> Even the likes of Skype for Business can’t be assumed to enjoy life on a desktop.
Fixed that for you.
Don’t buy either desktop virtualization or desktop-as-a-service solely to save cash. Don’t assume that because server virtualization went well the same will happen for desktops. And don’t assume that the cloudy desktops are cheaper and easier than on-premises virtual PCs. So said Mark Lockwood, a research director at Gartner …
From a software licensing perspective, VDI technology is an absolute nightmare. You see most legacy licensing is device based and perpetual. A VDI is not a device and herein lies the problem.
In my experience, you need to have an incredibly bespoke rationale for requiring virtual desktops for them to be remotely value for money.
Especially now in the world of super powered tablet devices.
It is licenses what kills VDIs etc.
The technolgy was there more than a decade ago.. I would say it worked ok 15-16 years ago.
But you can't run anything that uses anything other than named users or floating licenses.
So no microsoft products, even if you CAN get a perfect windows vdi.
Microsoft Office and I assume all their other products are licensed for VDI with software assurance licenses. Windows VDI with VMWare for Xenserver both work fine. I've worked with hundreds of vendors and yet to come across one that doesn't have a license model for VDI based on device or concurrent licenses.
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Scott McNealy made this argument in 1997, with Java based thin clients and the rising Data Center Cost is what kept that from going anywhere. Virtualization on the Server works, if it is done right. Virtualization on desktops is an unnecessary step to remove the need for Service Desk Support. Desktop Virtualization is slow, and would require significant investment in Data Center machinery. What will happen when user's desktops and laptops are slow or frozen? Are they going to call an automated Service Desk to get AI Support? No. That's not going to happen. The clowns in Management who try to do this, just want to finance their own perks and bonuses, at the expense of system performance and Service Desk Support jobs.
We have around 1,000 VDI session mainly for off site developers who remote in and work on a corporate standard desktop and access internal systems remotely.
We also have a bunch of instances where we need the client next to the server due to crap design. We are looking at HRG-VDI for our engineering teams but can't find suitable hardware configuration for mass deployment at the moment. Ideally we would like composable GPU so we can switch load from VDI to visualisation or ML when developers go home.
The real reason isn't in the article: users are idiots. PC's have spread into areas where the users can barely tie their own shoelaces. As much as the readers of the Reg would hate having to use a VDI, the tales from tech support, along with the examples of users plugging random crap into their machines, mean that for the typical job nowadays a VDI is a must if you are going to stay out of trouble. The tradeoff is a million niggling service calls vs. a few major breaches.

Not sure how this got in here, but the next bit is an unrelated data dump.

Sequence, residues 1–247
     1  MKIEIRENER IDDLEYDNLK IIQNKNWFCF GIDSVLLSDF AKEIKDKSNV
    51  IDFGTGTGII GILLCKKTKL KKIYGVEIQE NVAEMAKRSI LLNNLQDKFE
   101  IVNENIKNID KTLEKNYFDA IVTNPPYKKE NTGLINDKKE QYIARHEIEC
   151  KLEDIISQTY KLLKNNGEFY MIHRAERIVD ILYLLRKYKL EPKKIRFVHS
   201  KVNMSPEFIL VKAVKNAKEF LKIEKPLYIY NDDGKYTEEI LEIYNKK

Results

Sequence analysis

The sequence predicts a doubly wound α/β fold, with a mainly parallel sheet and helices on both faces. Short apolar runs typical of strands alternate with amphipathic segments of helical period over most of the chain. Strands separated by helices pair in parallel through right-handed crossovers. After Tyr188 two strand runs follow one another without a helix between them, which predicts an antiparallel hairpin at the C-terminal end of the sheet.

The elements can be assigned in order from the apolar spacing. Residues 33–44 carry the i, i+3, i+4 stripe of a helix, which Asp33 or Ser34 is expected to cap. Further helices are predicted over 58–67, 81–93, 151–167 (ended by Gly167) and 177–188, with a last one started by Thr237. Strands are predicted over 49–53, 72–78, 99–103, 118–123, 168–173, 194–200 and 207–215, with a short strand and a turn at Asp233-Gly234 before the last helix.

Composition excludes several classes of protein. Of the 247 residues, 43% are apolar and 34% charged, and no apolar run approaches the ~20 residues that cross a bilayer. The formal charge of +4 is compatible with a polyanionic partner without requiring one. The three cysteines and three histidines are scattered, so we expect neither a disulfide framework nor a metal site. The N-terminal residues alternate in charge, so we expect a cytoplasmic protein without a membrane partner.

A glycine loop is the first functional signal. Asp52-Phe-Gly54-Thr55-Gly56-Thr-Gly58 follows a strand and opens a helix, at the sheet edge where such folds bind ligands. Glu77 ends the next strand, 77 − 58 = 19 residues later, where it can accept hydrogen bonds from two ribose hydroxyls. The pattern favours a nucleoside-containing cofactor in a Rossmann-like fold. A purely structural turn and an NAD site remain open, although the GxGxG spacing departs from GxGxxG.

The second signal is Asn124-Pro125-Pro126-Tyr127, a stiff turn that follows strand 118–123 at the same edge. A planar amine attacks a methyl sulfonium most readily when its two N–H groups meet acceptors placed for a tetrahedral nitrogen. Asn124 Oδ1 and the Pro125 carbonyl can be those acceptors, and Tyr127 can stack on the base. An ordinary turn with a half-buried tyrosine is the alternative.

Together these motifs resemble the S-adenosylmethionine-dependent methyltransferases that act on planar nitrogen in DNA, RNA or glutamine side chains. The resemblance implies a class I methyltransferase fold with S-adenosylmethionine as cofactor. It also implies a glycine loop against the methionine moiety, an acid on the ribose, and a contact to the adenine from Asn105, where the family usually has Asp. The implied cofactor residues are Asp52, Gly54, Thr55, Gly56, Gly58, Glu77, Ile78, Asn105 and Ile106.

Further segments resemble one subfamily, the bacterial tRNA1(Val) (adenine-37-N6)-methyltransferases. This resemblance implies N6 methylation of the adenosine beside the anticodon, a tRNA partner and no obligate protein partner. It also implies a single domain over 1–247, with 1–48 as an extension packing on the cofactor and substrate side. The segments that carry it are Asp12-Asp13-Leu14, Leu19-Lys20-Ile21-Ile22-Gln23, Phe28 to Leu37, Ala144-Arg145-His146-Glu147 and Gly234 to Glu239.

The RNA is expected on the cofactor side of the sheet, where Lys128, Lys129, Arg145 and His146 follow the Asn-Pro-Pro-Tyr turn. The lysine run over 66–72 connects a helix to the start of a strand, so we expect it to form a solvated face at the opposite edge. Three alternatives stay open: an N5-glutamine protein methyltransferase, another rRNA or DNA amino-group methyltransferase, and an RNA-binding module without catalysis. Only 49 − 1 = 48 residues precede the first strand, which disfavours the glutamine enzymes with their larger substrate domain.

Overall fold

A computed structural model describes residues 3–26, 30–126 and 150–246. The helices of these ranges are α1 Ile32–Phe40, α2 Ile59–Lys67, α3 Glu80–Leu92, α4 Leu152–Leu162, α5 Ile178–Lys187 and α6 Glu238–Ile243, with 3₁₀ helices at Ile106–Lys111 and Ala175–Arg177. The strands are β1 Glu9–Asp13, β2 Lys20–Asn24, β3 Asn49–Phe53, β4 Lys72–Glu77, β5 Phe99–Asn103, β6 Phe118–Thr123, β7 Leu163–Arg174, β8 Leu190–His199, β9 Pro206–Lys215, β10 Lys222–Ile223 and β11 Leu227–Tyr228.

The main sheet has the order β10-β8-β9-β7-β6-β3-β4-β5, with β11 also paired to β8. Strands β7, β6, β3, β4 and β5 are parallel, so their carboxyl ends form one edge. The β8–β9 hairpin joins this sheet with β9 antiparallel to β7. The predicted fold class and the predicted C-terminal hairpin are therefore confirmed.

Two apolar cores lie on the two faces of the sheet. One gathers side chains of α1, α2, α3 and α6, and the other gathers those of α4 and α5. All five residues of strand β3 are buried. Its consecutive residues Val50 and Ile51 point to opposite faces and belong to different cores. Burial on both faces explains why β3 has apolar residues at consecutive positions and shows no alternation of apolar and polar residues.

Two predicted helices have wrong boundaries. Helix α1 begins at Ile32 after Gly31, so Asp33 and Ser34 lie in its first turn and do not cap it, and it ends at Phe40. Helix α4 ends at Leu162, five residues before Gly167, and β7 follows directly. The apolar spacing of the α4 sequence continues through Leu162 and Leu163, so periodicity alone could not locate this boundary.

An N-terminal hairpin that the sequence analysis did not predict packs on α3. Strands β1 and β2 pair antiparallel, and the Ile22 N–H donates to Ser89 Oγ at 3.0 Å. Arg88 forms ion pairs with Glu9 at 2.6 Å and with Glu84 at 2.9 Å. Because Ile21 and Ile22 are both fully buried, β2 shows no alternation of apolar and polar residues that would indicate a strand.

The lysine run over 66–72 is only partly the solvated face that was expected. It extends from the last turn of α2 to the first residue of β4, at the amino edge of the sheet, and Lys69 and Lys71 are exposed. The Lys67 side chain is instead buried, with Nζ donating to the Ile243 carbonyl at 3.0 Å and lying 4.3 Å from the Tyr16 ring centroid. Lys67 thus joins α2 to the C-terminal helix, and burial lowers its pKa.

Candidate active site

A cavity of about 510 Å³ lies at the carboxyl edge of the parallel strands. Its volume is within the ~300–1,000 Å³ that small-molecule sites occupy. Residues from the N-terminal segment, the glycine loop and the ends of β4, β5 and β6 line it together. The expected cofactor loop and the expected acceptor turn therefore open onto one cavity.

I've used VDI for years, chiefly for manageability, and have always been amazed at the resources I've had to throw at it to make it work okay. For instance 1:
"[Gartner] said VDI works nicely with latency of between 100 and 180 milliseconds, but at 200 milliseconds your users will be burning you in effigy."
Like Gartner itself, anything over 50ms is for occasional use only.
For instance 2:
Is your VM rubbish? Low latency will not help if your VM is rubbish. Can be hard to test all remote.
For instance 3:
Windows: It's a bulimic pig (with apologies to bulimic pigs everywhere), puking great mounds of throwaway I/O. Sheer passive aggression by Microsoft is the laziest hypothesis.
So is VDI cheap? Lavish storage and networking are important clues. Is it unavoidable? Almost never. Is it nice to have? Yes.
I don't think that will work well. The benefits they cite seem to be mostly useful for locations where you want a lot of remote access, but RDP seems to serve that well. Otherwise, I don't see pretty much any of the benefits of the system. The sentence that most concerns me is the statement of less need for IT people to go to the desks and fix machines. What, pray tell, do they think the users are using to access their virtual desktops? Whatever it is, it looks a lot like a computer and it's on or under the desk. Users can mess that up just as well as they could a traditional machine. The main difference is that there is less access for the IT person if the user has managed some calamitous software problem. True, you can easily reboot it after you correctly plug in each cable, then reconnect to the virtual desktop, but if the issue is worse than that you will have to play around with whatever thin client it is to find it. Traditional desktops work fine most of the time, because they are straightforward to manage. If there is a location where repeatedly destroying or reimaging virtual desktops is a routine thing, there are probably problems that virtualization won't fix.
#1 It Costs MORE money than management wants to pay to make it work well!
#2 Management NEVER accounts for the lost productivity when it fails do to connection issues to the clients. Either in a Teleworking environment or in house.
#3 Both #1 and #2 have been ignored numerous times resulting in three failed roll outs. Managements answer is to buy the next generation of dumb terminals without spending for the required bandwidth or service level agreements to make it useful.
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